Following on from last week's Learning Curve discussing the basics of swap provider diclosure under Regulation AB, part two delves into timing and indemnification issues.
Disclosure: Whose Responsibility?
A derivative counterparty that provides financial data or financial statements to an asset-backed security sponsor or depositor for inclusion in a prospectus supplement is not an issuer of the ABS and will not have an issuer's liability for material misstatements or omissions in the information that it provides. To protect themselves, sponsors have generally obtained indemnification from the derivative counterparty for any loss the sponsor or its affiliates suffer as a result of deficiencies in the counterparty's information, whether included in the prospectus supplement or in the Exchange Act filings of the depositor.
Although, arguably, a depositor should have been required to measure maximum probable exposure only at the time of entering into the derivatives contract, because changes in the maximum probable exposure will only result from market-wide changes in interest rates and interest rate expectations, not changes specific to the swap provider, Reg AB doesn't take this approach. Instead, updated financial information complying with Item 1115(b) must be included under Form 10-D if maximum probable exposure has reached the 10% or 20% thresholds at the end of the distribution period for which the Form 10-D is filed, even if no such information was previously required to be included.
Sample Of Indemnification
A typical form of this indemnification would be as follows:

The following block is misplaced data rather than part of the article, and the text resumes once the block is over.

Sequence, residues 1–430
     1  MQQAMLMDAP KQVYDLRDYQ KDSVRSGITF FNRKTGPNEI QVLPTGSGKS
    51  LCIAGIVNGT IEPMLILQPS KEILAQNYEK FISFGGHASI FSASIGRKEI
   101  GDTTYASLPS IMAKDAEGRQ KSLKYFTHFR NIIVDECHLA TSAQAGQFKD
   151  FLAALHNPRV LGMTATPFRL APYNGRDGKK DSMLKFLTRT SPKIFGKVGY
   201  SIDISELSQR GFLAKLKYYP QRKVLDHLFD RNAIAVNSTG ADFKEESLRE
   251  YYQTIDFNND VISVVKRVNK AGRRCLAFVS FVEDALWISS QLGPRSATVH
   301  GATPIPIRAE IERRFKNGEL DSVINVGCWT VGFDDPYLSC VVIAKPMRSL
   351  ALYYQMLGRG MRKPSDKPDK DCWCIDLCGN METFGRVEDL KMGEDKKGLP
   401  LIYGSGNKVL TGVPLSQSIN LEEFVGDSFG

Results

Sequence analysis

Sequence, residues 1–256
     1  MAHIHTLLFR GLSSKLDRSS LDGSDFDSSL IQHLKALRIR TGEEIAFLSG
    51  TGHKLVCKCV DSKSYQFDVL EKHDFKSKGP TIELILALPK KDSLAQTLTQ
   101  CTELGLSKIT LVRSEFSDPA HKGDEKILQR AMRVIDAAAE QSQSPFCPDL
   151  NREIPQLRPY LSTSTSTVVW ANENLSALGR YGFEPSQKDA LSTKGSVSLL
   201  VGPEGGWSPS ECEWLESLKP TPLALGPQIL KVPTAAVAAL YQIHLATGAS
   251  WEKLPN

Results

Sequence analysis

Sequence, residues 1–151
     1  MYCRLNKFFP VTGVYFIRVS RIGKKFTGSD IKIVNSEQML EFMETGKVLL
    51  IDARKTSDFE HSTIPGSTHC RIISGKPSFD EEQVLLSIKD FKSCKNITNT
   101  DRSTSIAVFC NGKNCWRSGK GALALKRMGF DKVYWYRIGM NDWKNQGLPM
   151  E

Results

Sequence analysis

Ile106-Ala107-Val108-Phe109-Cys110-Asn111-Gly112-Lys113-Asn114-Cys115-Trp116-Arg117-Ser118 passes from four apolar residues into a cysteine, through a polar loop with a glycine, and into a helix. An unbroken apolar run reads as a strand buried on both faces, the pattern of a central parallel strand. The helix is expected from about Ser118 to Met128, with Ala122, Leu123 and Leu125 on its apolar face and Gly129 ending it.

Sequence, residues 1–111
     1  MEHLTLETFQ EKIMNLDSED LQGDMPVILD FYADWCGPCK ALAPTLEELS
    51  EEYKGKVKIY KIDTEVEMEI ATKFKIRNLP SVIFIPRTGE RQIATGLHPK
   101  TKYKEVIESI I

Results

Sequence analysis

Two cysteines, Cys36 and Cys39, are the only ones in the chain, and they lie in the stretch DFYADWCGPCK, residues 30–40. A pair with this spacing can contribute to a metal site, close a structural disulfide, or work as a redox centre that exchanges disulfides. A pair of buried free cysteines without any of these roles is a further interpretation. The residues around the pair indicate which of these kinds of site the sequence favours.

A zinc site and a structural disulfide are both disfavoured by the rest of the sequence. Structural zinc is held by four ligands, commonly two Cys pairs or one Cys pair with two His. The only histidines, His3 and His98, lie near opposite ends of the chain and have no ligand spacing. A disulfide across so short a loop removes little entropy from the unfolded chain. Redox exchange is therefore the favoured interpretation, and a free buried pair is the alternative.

"Indemnity by Swap Counterparty. If, at any time during the term of the Derivative Transaction, (i) Swap Counterparty provides Issuer with financial information about Swap Counterparty pursuant to Item 1115(b) for the purpose of allowing Issuer to fulfill the Disclosure Obligations (the "Financial Information") and (ii) Issuer includes the Financial Information in its filings with the Commission in order to fulfill the Disclosure Obligations, then, from the date the Financial Information is so filed with the Commission (the "Filing Date"), Swap Counterparty shall indemnify and hold harmless Issuer and Sponsor, and the directors and officers of Issuer and Sponsor, and any person controlling Issuer or Sponsor, from any and all losses, claims, damages and liabilities (collectively, "Losses") caused by any untrue statement or alleged untrue statement of a material fact contained in the Financial Information or [PORTION RELATING TO ITEM 1115(a)(1)] (the "Item 1115(a)(1) Disclosure"), or caused by any omission or alleged omission to state a material fact that is required to be stated in the Financial Information or the Item 1115(a)(1) Disclosure, or is necessary to make the statements in the Financial Information or the Item 1115(a)(1) Disclosure, in light of the circumstances under which they were made, not misleading."